One of the critical responsibilities of marketing is lead generation. However, to make this process more effective, BD professionals can play a significant role. Chris suggests that BD professionals can help refine the content and messaging on the website to ensure it resonates with the current market landscape. By sharing insights into what’s trending in client conversations, they can guide marketing efforts toward topics that are more likely to generate leads.

Moreover, BD professionals can assist in qualifying leads. By applying specific criteria, such as company size or industry focus, they can help filter out leads that are less likely to convert into clients. This collaborative approach ensures that marketing efforts are not wasted on unqualified leads.

Teamwork Yields Results

For firms that have yet to establish a strong relationship between BD and marketing, Chris emphasizes that building this relationship takes time and requires recurring meetings and transparent communication. Setting clear expectations and defining roles and responsibilities are essential steps.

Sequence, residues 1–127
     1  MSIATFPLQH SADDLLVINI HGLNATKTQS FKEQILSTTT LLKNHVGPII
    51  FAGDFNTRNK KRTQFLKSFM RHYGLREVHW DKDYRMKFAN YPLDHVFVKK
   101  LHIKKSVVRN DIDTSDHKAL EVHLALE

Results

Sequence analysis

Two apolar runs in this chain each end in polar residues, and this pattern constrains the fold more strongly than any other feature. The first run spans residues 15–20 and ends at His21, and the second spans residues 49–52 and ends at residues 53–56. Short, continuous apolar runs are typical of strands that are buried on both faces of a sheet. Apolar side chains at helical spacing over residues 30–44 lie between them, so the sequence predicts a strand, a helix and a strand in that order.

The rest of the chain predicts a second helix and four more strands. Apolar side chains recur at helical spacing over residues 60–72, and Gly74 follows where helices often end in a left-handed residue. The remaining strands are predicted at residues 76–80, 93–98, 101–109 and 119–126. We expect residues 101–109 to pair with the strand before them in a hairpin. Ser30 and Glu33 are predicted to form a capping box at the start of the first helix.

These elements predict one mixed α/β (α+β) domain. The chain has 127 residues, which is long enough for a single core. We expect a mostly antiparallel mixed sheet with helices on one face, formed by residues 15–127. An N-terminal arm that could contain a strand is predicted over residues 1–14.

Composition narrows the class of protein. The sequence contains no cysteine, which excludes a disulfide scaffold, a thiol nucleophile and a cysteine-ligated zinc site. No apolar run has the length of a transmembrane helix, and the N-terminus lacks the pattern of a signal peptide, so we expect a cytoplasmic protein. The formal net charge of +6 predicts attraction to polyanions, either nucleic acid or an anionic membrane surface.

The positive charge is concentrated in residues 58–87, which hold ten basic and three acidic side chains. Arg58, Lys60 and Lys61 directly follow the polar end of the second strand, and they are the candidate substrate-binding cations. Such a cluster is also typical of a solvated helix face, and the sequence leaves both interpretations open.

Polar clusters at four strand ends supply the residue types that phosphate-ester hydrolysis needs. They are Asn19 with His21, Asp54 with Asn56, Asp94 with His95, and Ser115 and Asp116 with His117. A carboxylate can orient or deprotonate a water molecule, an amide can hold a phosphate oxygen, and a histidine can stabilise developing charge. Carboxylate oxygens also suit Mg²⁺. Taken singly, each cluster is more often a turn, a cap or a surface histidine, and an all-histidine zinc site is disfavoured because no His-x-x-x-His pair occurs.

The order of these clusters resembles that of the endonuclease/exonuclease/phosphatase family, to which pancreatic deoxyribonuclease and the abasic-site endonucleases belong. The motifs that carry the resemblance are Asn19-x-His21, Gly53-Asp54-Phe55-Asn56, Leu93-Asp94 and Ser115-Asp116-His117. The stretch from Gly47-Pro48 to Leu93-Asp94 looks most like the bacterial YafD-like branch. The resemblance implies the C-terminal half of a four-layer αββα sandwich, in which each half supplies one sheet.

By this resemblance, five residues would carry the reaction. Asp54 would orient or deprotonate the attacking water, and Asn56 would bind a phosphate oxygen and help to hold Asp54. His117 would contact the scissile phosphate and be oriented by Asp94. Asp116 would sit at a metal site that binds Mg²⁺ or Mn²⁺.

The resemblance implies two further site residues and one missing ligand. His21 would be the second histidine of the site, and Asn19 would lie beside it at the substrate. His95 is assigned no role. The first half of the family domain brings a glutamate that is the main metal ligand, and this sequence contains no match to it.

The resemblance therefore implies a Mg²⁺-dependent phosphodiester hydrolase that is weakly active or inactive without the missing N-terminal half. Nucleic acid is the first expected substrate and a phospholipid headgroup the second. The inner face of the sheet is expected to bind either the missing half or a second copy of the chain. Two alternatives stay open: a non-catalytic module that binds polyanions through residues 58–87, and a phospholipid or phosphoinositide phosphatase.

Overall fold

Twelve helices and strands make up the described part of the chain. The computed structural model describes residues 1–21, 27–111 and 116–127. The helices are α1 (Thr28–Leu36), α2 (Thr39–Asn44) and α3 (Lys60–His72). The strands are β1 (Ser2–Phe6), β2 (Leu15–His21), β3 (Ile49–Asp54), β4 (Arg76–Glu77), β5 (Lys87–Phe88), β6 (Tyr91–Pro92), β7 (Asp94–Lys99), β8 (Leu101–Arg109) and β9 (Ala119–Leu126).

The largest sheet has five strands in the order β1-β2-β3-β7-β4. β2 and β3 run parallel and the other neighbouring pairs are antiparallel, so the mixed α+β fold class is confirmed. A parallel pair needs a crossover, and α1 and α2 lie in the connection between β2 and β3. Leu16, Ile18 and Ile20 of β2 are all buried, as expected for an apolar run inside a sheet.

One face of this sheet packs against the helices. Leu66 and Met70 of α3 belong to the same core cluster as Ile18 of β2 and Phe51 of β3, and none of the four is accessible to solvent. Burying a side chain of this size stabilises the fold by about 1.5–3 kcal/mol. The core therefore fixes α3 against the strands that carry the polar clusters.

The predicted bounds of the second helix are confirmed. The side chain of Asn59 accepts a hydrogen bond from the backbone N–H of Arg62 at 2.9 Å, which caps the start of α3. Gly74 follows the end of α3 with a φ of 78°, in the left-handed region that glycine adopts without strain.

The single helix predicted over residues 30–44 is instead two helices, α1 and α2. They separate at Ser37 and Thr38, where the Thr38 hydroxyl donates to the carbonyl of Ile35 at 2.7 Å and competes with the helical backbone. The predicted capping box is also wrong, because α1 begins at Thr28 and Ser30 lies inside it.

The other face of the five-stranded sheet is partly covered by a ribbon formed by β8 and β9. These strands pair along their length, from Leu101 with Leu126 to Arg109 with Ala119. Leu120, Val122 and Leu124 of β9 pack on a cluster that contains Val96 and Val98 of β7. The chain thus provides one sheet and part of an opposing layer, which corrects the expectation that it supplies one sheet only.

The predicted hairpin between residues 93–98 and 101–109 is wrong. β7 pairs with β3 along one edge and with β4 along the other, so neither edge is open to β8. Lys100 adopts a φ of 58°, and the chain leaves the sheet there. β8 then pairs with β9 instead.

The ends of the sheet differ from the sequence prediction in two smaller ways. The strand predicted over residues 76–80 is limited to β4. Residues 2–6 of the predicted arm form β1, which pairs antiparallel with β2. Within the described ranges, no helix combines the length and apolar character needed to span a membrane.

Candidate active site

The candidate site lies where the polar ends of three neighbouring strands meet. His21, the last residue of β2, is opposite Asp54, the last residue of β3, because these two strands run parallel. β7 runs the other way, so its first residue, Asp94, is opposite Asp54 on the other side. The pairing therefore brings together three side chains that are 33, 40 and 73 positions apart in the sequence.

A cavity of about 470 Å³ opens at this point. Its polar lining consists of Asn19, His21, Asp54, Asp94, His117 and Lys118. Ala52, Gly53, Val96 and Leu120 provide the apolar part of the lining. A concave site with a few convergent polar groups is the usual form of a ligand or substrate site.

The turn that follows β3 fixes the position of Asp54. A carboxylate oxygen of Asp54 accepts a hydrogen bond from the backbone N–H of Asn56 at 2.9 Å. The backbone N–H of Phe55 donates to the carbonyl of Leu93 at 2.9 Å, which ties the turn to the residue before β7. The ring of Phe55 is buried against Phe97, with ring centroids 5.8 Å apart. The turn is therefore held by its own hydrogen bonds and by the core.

However, effective collaboration between marketing and BD can drive lead generation, enhance client relationships, and ultimately, contribute to the firm’s success. By fostering open communication, setting clear expectations and working together on coordinated projects, firms can unlock the full potential of this partnership.

As Chris aptly puts it, “when marketing drags them to the door, business development drags them into the firm.” Together, they can achieve remarkable results.

This blog post was written based on content from the latest season of Amplify, the podcast of AAM – dedicated to firm growth. This article is based on Season 4, Episode 4, featuring a conversation with Chris Perrino, Principal of Barnes Dennig. Learn more about the podcast and listen first-hand at https://accountingmarketing.org/category/amplify/

About Katie Tolin


Katie Tolin is the president and chief growth guide at CPA Growth Guides. She’s a former in-house marketer having spent time at regional, super-regional and national accounting firms. Today she helps CPA firms drive top-line revenue and profitability through data-driven marketing strategies. She’s a past president of AAM, a former marketer of the year and was inducted into the Accounting Marketing Hall of Fame.